Wild-type but not bax−/−bak−/− ocular fetal vasculature at P7 has TUNEL-positive cells. Wild-type eye at P7 has a few TUNEL-positive (green) cells of the ocular fetal vasculature (white arrowheads) in the hyaloid artery emerging from the optic nerve head (A) and in vessels near the lens equator within the vitreous, demarcated by a white bracket (B). Cells in the retina undergoing developmental regression at P7 are also TUNEL-positive (red arrowheads). Nuclei are counterstained with 4′,6-diamidino-2-phenylindole (blue). bax−/−bak−/− eye at P7 shows a complete absence of TUNEL-positive cells in the retina and the fetal vasculature, including the hyaloid artery (C) and all vessels in the vitreous, demarcated by a white bracket (D). Nuclei are counterstained with 4′, 6-diamidino-2-phenylindole (blue). TUNEL indicates terminal deoxynucleotidyl transferase–mediated deoxyuridine triphosphate nick-end labeling; bar, 100 μm.

Wild-type but not bax−/−bak−/− ocular fetal vasculature at P7 has TUNEL-positive cells. Wild-type eye at P7 has a few TUNEL-positive (green) cells of the ocular fetal vasculature (white arrowheads) in the hyaloid artery emerging from the optic nerve head (A) and in vessels near the lens equator within the vitreous, demarcated by a white bracket (B). Cells in the retina undergoing developmental regression at P7 are also TUNEL-positive (red arrowheads). Nuclei are counterstained with 4′,6-diamidino-2-phenylindole (blue). bax−/−bak−/− eye at P7 shows a complete absence of TUNEL-positive cells in the retina and the fetal vasculature, including the hyaloid artery (C) and all vessels in the vitreous, demarcated by a white bracket (D). Nuclei are counterstained with 4′, 6-diamidino-2-phenylindole (blue). TUNEL indicates terminal deoxynucleotidyl transferase–mediated deoxyuridine triphosphate nick-end labeling; bar, 100 μm.

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PubMed
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Balazs  EAToth  LZOzanics  V Cytological studies on the developing vitreous as related to the hyaloid vessel system. Albrecht Von Graefes Arch Klin Exp Ophthalmol 1980;21371- 85
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Lang  RABishop  JM Macrophages are required for cell death and tissue remodeling in the developing mouse eye. Cell 1993;74453- 462
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Hahn  PLindsten  TYing  GS  et al.  Proapoptotic bcl-2 family members, Bax and Bak, are essential for developmental photoreceptor apoptosis. Invest Ophthalmol Vis Sci 2003;443598- 3605
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PubMed
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Laboratory Sciences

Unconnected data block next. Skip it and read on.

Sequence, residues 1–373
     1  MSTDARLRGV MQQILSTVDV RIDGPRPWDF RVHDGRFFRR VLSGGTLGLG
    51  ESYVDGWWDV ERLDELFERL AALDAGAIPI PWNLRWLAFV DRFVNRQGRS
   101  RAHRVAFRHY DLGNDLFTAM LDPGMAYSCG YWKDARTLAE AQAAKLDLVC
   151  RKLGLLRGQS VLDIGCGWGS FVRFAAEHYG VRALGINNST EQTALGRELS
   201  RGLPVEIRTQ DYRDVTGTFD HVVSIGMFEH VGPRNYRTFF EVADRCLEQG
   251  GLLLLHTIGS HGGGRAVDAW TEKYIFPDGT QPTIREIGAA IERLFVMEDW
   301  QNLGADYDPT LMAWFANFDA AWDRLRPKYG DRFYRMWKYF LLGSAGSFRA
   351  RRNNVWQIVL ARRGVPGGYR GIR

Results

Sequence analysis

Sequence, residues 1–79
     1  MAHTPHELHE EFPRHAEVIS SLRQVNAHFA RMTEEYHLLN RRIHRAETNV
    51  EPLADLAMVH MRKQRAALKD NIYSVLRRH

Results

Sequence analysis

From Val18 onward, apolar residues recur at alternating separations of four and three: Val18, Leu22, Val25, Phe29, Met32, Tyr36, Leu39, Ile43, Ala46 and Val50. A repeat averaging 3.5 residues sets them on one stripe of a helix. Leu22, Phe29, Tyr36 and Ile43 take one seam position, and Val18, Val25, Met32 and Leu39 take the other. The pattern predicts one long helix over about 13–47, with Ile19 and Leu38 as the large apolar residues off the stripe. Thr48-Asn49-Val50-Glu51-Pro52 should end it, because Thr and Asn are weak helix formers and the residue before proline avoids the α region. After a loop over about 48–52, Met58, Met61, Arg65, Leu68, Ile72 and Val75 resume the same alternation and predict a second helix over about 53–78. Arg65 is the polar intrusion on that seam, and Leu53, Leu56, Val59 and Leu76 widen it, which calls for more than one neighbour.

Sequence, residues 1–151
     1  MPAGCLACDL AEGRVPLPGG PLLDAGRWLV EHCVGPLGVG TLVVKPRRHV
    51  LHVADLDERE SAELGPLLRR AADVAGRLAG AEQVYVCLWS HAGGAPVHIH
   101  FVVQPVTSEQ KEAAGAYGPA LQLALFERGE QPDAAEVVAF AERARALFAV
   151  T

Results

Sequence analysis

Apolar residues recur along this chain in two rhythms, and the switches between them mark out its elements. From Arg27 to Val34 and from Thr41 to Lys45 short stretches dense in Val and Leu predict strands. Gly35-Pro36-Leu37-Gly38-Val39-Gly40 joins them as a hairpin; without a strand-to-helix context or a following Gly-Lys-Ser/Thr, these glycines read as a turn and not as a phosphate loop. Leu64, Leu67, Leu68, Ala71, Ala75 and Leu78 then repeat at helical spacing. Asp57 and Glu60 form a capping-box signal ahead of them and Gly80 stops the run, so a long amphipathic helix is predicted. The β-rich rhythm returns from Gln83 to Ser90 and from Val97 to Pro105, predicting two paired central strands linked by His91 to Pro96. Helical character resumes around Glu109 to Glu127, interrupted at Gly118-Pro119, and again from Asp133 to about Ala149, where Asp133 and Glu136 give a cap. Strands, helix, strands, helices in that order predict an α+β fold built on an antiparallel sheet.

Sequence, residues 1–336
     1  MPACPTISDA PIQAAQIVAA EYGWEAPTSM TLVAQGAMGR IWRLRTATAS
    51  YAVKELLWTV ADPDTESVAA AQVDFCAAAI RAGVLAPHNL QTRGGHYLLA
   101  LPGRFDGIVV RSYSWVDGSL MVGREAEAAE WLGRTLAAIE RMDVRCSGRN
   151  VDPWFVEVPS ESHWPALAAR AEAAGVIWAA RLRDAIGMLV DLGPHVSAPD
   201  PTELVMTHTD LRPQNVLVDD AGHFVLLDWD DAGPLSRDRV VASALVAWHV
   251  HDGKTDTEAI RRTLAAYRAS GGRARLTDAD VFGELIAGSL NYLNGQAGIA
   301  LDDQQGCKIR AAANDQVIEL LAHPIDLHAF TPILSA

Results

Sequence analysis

June 01, 2005

Persistent Fetal Ocular Vasculature in Mice Deficient in Bax and Bak

Author Affiliations

Author Affiliations: F.M. Kirby Center for Molecular Ophthalmology, Scheie Eye Institute (Drs Hahn, Tolentino, Bennett, and Dunaief); Departments of Medicine, Pathology, and Laboratory Medicine, Abramson Family Cancer Research Institute, University of Pennsylvania, Philadelphia (Drs Lindsten and Thompson).

Arch Ophthalmol. 2005;123(6):797-802. doi:10.1001/archopht.123.6.797
Abstract

Background  The ocular fetal vasculature normally regresses by apoptosis but for unknown reasons fails to regress in the human disease persistent fetal vasculature.

Objective  To investigate whether proapoptotic Bcl-2 members, Bax and Bak, are involved in fetal vasculature regression.

Methods  Adult eyes from mice deficient in Bax and/or Bak were examined grossly and histologically for persistence of fetal vasculature. Vessels were identified by the presence of lumens and erythrocytes and by Factor VIII labeling. Eyes from postnatal day 7 mice were processed for terminal deoxynucleotidyl transferase–mediated deoxyuridine triphosphate nick-end labeling (TUNEL) analysis to determine if deficiency of Bax and Bak results in defective developmental apoptosis.

Results  Only bax−/−bak−/− eyes retained fetal vasculature into adulthood. This vasculature consisted of a hyaloid artery emerging from the optic nerve head and intravitreal and perilental vessels but not a pupillary membrane. At postnatal day 7, wild-type but not bax−/−bak−/− eyes had TUNEL-positive cells in the fetal vasculature.

Conclusions  These data demonstrate that Bax and Bak serve overlapping functions in fetal vasculature regression, emphasizing the importance of apoptosis in developmental remodeling.

Clinical Relevance  Disruption of Bax and Bak results in persistent fetal vasculature in knockout mice, providing a model of the human disease persistent fetal vasculature to investigate its etiology and potential therapies.

The human disease persistent fetal vasculature (PFV) results from a failure of the fetal vasculature to regress properly.1 One of the most common congenital ocular malformation syndromes, PFV is not associated with diseases in other tissues of the body and is often found in an otherwise normal child. Persistent fetal vasculature usually presents unilaterally with characteristic exam findings including retrolental white vascularized tissue with microcornea or microphthalmia of variable severity. Secondary glaucoma, intravitreal hemorrhage, retinal detachment, and lenticular and corneal opacification may also occur. While minimally affected eyes may survive to adulthood without surgical intervention, current treatment of more profoundly affected eyes involves surgical removal of intravitreal fibrovascular tissue.1 Surgical treatment of PFV is difficult, and understanding mechanisms of normal fetal vascular regression may shed light on novel therapeutic options for PFV.